All BGRI Abstracts

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Rust reactions of wheat lines developed by another culture

Akan Central Research Institute for Field Crops, Turkey

Turkey is an important producer of bread wheat. Fungal diseases, including the rusts, limit production. Resistant varieties are the main strategy for rust control. In this study 33 doubled haploid lines developed by anther culture and 9 standard cultivars were evaluated for seedling (YR, LR, and SR) and adult plant reactions (YR) to rusts at the Central Research Institute for Field Crops at Yenimahalle and Ikızce in 2014. For adult plant reactions the genotypes were inoculated with local Pst populations (virulent on differentials with Yr2 Yr6, Yr7, Yr8, Yr9, Yr25, Yr27, YrSd, YrSu, and YrA). Stripe rust development on each entry was scored on the modified Cobb scale when the susceptible check Little Club reached 80S disease severity in June 2014. Coefficients of infection below 20 were considered to be resistant. Seedlings were inoculated with local Pgt (avirulent on differentials with Sr24, Sr26, Sr27 and Sr31), Pt (avirulent on differentials with Lr9, Lr19, Lr24 and Lr28) and the Pst population. Seedling reactions were recorded 14 days post inoculation on either 0-4 (SR and LR) or 0-9 (YR) scales. Thirteen (33%), 2 (5%) and 9 (23%) genotypes were resistant to SR, LR and YR, respectively. Fifteen (38%) genotypes were resistant to stripe rust at the adult stage.

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Up scaling seed of Ug99 resistant wheat varieties to ensure protection against stem rust in Pakistan

Hussain International Maize and Wheat Improvement Center (CIMMYT) Pakistan Office

With ongoing threats of rust from both internal and international sources it has become a priority at CIMMYT and for Pakistan national programs to accelerate the rate of seed increase and to popularize new Pgt race Ug99 resistant varieties to avert future disasters. Seed of Ug99 resistant varieties NARC-11, Pak-2013, Dharabi-2011 and BARS-09 was produced under the Wheat Productivity Enhancement Program (WPEP). The country-wide participatory approach involves a partnership of farmers, seed companies and research institutes. In 2014 16,020 and 6,085 kg of seed of NARC-11 and Pak-13, respectively, were distributed all over the country, including Azad Jammu Kashmir and Gilgit-Baltistan. Comparative yields across Pakistan show that the rust resistant varieties are equal, or superior, to current stem rust susceptible varieties grown by farmers. Deployment and use of these varieties by farmers in Balochistan will have a significant impact not only on productivity, but may also avert the consequences of possible introduction of race Ug99.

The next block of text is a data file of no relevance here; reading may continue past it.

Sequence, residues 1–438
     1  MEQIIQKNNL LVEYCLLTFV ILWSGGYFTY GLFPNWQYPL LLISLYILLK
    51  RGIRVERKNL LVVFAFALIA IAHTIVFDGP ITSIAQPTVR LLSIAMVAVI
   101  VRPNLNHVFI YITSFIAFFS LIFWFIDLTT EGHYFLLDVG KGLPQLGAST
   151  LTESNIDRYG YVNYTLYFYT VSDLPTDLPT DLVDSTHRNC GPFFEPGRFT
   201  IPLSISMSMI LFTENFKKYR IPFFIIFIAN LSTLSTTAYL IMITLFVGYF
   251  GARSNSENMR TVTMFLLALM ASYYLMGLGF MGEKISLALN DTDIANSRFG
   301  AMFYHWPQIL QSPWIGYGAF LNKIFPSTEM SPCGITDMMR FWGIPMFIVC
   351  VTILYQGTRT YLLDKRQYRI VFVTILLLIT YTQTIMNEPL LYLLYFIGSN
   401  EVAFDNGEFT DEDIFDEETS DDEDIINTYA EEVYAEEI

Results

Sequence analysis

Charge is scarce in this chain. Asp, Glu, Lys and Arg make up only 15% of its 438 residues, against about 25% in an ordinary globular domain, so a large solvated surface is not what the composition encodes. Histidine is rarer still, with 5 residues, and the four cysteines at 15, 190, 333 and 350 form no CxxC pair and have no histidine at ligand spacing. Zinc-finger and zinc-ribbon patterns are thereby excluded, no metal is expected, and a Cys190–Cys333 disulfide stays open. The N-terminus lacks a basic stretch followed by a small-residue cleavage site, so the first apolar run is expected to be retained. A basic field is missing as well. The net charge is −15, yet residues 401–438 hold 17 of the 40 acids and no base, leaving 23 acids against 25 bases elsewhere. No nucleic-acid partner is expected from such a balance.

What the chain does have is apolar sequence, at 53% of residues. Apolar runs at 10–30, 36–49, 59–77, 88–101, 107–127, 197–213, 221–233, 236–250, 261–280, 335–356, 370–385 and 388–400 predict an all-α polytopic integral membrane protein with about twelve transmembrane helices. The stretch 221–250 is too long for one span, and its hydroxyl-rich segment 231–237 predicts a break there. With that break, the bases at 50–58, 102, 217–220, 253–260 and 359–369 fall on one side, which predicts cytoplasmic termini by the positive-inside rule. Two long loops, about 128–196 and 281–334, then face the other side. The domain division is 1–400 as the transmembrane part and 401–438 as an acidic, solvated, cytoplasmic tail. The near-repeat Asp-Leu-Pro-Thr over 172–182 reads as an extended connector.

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Leaf rust on high yielding winter wheats in Chile

Madariaga National Institute of Agricultural Research [INIA], Chile

The physical environment and farming system in Chile are conducive to high yields from winter/alternate wheat cultivars. The national average yields for 2012-2014 were 6.5 t/ha for pasta wheat and 5.3 t/ha for bread wheat grown on 19,000 and 239,000 ha, respectively. The most efficient farmers obtain averages of 8-9 t/ha, and experimental plots at southern INIA sites are as high as 14 t/ha. The most important diseases are Septoria leaf blotch, stripe rust, powdery mildew, and BYDV. Recent increases of leaf rust on winter cultivars from near non-existence to the level of a major threat are a concern. Wheat cultivars such as Bicentenario INIA showed yield increases of 31.7% to reach 12.4 t/ha yield when sprayed twice with a mixture of strobilurin and triazol compared to 9.4 t/ha for the unsprayed control. Susceptible winter cultivars being introduced by private companies require complete chemical protection. In order to understand the virulences present in the pathogen population the Thatcher NILs were grown in 2014/15 under non-inoculated conditions in central [Chillan] and southern [Osorno] Chile. The Morocco check showed 100S, Thatcher 60S, TcLr1 40S, TcLr2b 30S, TcLr2c 40S, TcLr3a 30S, TcLr3ka 20S, TcLr3bg 30S, TcLr9 20S, TcLr10 60S, TcLr11 80S, TcLr12 60S, TcLr13 70S, TcLr14a 70S, TcLr15 50S, TcLr16 60S, TcLr17a 30S, TcLr18 20MR, TcLr19 0, TcLr20 30S, TcLr21 0, TcLr22a 0, TcLr23 70S, TcLr24 60S, TcLr25 0, TcLr26 60S, Lr27+31 80S, TcLr28 10MR, TcLr29 40MS, TcLr30 60S, TcLr32 70S, TcLr33 60S, TcLr34 70S, TcLr35 10MR–MS, Lr36 0, and TcLr37 0. The most significant differences (>40%) in response between the two locations were for TcLr2b, TcLr2c, TcLr11 and TcLr33. The Cereal Disease Laboratory (U.S.A.) tested 68 isolates from 55 samples from 2012/13 and identified 14 races, including one Triticum turgidum race (BBBQJ 26%). Significant breeding efforts are currently underway to address the leaf rust problem in Chile.

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SNP discovery and genotyping of wheat-Dasypyrum villosum disomic addition lines by genotyping-by-sequencing (GBS) to facilitate identification and introgression of novel stem rust resistance genes